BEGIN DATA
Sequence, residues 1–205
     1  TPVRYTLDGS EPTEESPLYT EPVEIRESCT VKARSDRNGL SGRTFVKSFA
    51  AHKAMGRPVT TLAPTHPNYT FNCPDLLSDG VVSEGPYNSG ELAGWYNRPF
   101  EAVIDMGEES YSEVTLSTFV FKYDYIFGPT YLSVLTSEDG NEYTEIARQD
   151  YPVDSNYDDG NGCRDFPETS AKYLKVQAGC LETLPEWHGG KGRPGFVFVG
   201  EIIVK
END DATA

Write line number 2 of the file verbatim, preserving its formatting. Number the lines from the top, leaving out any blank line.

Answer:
     1  TPVRYTLDGS EPTEESPLYT EPVEIRESCT VKARSDRNGL SGRTFVKSFA